A big crowd was anticipated for last night’s City Council reading of the Alive @ 5 Open Container Permit which is scheduled for the same evening as the Grand Opening of the Splash Pad at City Park. Previously, the permit had been unanimously approved but after public concerns, the council decided to re-discuss the issue.
Despite the level of concern, less than 20 people showed up and a handful of them stood at the podium to voice their opinion, either for or against the permit.
The opposition urged the City Council to deny the Open Container Permit, claiming that due to the history of alcohol abuse at City Park AND the fact that the Splash Pad event was meant to celebrate children, they felt “we don’t need alcohol at that event, it’s families and children.”
Chief of Police, Eric Murphy also opposed the permit for this night alone, and he made a request of City Council. “Here’s what I will ask. You as City Council Mayor have asked the police department to make a more proactive and aggressive approach to our public-intox problem or alcohol problem…. What I’m asking you is in return, to help us and make a more aggressive decision on this and not support alcohol at the Splash Pad Grand Opening.”
Councilwoman Rebecca Schatza asked, “Do you think it will cause issues?”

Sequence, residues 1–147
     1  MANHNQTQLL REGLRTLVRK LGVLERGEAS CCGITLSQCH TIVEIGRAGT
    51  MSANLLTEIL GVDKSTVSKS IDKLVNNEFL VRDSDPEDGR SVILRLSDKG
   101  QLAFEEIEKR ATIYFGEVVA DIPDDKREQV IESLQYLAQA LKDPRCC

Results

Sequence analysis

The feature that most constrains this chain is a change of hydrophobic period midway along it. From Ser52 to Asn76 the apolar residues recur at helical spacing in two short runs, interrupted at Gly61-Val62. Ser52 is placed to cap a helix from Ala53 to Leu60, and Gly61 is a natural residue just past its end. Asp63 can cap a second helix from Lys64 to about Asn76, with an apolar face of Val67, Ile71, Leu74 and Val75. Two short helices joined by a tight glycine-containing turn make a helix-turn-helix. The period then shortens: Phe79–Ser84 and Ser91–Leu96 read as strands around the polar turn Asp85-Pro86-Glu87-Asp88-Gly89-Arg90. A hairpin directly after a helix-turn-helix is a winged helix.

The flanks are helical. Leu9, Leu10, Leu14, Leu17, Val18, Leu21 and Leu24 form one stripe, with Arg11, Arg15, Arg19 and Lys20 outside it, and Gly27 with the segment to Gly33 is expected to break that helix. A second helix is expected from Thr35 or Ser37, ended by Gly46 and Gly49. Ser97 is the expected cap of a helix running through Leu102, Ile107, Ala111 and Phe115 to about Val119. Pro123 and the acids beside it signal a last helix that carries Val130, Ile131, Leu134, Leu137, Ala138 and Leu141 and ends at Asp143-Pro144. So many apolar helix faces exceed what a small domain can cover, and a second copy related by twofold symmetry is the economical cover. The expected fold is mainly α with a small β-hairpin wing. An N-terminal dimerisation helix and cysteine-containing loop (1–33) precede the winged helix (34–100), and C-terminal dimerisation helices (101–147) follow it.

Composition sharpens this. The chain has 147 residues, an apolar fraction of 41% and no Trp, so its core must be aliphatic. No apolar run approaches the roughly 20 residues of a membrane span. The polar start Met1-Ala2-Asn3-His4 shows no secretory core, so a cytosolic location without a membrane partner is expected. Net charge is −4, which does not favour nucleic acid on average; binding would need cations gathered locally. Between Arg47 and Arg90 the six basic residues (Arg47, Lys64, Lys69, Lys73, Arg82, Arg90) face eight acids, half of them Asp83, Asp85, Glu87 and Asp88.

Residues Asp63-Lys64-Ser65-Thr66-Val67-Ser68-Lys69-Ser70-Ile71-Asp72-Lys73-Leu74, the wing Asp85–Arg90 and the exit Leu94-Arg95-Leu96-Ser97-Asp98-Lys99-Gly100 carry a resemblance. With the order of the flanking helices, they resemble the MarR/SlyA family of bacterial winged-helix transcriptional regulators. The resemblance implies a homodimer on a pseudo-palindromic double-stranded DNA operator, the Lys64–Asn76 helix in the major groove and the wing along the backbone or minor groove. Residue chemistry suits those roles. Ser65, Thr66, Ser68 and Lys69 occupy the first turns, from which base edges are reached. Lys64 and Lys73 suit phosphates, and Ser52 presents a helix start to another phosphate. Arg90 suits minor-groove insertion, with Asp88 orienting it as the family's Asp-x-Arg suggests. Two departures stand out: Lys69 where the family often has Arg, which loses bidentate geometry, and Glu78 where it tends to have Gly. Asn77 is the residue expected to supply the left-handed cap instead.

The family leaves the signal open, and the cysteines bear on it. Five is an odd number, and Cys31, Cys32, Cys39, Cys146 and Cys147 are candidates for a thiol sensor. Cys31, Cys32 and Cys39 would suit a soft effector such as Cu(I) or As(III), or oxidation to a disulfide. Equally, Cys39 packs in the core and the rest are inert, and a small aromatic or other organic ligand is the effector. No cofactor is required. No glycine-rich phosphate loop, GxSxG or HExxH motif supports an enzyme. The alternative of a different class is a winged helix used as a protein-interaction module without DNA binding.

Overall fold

To which Murphy responded, “Not at all. We’ve never had issues at Alive at 5 and I’ve attended almost all of them. We’ve never had one issue. My whole thing is completely because it’s a little kid’s event.”
On the other hand, supporters emphasized that the events were unrelated and that the Splash Pad ribbon cutting would be completed before the Alive @ 5 concert began. Rowena Bland, who is footing the liquor license and a planner of the Alive @ 5 chamber event, described the nature of the event and assured the public that they would NOT begin serving beer until 6:30 pm, well after the ribbon cutting.
Tara Carr spoke in favor of the permit:
“This is a victory, we’re taking back our park, things are changing… I for one am just really excited to see all the enthusiasm and excitement, and the changes that are occurring at our city park and in our city.” -Tara Carr
After the public had a chance to speak, the council members had their own discussion to which, councilman Tim Hancock said, “What is the role of the government? And if there’s really no safety concerns and what we’re concerned more about is image… when the rubber meets the road, are we going to grant a permit or not, I feel like we should step out of the way and let people use the park.”
Ultimately, the final vote came to 6-1 in favor of the Permit and Alive @ 5 will be allowed to serve beer during their concert on May 24th.
The City Council Meeting can be watched in its entirety via the City of Riverton website – “Meetings & Minutes”.